Nowadays, the Lohri concept is about bonfires, fancy food, food baskets and dancing to the tunes of hit chartbuster. But do you know the traditional meaning of sacred bonfire, and why do people circle it together after sunset?
Well, it has a deeper meaning, which is about being grateful to the Almighty and dancing to the beats of the dhol and enjoying a delicious feast. It is a festival belonging to the Punjab region and which is mostly celebrated in the northern part of India. On this day, foods such as for (black sesame seeds), gajak, gur (jaggery), peanuts and popcorn are fed to the fire as part of the harvest ritual. Lori is also associated with ‘Winter Solstice’ – the shortest day and the longest night. It marks the end of winters and the beginning of spring.
Several tales surround the origins of the Lohri festival.
This is the harvest season for Punjabi farmers as they begin to reap the benefits of their harvest of the Rabi crops – mainly wheat. This period marks the end of the winter solstice, after which we can expect warmer and longer days.
Every year, the Lohri festival is celebrated with the traditional bonfire. Unlike most festivals in India, which witness people visiting family and friends and handing out sweets, etc., the Lohri festivities are marked by people gathering in a common place and making a giant bonfire with different kinds of sweet delicacies. exhibited to eat together.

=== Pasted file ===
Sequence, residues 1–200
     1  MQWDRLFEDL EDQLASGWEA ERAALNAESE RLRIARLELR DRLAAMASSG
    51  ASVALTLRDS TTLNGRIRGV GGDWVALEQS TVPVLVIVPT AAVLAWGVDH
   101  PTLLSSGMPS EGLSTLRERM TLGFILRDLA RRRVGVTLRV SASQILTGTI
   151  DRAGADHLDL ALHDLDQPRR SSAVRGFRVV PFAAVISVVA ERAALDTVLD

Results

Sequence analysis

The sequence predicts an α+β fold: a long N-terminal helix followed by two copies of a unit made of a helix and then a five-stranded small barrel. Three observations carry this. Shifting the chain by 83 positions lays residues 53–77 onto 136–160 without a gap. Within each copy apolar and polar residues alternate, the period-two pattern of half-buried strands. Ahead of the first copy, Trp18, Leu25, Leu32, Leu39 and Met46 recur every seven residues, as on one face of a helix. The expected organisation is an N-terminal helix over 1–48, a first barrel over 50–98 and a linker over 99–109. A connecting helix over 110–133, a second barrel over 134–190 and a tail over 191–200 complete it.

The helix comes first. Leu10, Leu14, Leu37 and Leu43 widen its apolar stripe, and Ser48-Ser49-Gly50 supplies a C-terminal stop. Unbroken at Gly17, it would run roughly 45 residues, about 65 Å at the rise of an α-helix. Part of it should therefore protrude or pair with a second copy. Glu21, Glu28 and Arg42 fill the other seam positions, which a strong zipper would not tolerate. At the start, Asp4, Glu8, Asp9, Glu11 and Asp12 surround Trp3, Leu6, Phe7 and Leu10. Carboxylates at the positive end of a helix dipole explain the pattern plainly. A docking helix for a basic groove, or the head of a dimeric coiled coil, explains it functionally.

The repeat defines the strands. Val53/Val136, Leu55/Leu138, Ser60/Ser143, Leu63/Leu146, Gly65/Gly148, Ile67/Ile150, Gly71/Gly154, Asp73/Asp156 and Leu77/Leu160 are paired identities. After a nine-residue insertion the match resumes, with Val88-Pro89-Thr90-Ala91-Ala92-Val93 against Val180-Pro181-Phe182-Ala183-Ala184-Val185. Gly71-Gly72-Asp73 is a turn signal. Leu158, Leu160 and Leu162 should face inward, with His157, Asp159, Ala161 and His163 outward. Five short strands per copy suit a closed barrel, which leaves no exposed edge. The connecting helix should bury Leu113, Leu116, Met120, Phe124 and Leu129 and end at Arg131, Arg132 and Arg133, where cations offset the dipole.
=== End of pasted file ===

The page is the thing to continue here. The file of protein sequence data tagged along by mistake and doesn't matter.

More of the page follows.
Many of us are not aware that the word Lohri comes from ‘Tilohri’ i.e. ‘to’ means sesame and ‘rorhi’ means jaggery / gur. In the end, the festival was just referred to as Lohri. It is believed that both food ingredients help cleanse the body, bringing renewed energy to the new year. This is why foods like jaggery, gajak, to ki chikki are offered to the fire as a way to pay gratitude for nature.
It is believed that offering food to the Fire God on this day helps to remove all negativity from life and brings prosperity. Here the fire symbolizes Lord Agni. After offering food to the Almighty, people seek blessings, prosperity and happiness from Lord Agni.
It is also believed that walking around the fire on the Lohri helps bring prosperity. In Punjab, this festival has special value for the new brides. Many devotees believe that their prayers and worries will receive an immediate response and life will be filled with positivity.
The discussion about Lohri is incomplete without winter food being prepared and celebrated on this day. The traditional Punjabi menu on this day includes Sarson da saag and Makki di roti, til ki barfi, gur ki roti, makhana ki kheer, panjiri, pinni, till laddoo, gondh ladoo and more.
Even during the Covid-19 pandemic, Lohri’s spirit continues as people connect over zoom calls with their family members to mark the celebration of this festival. We wish everyone a bright and cheerful Lohri!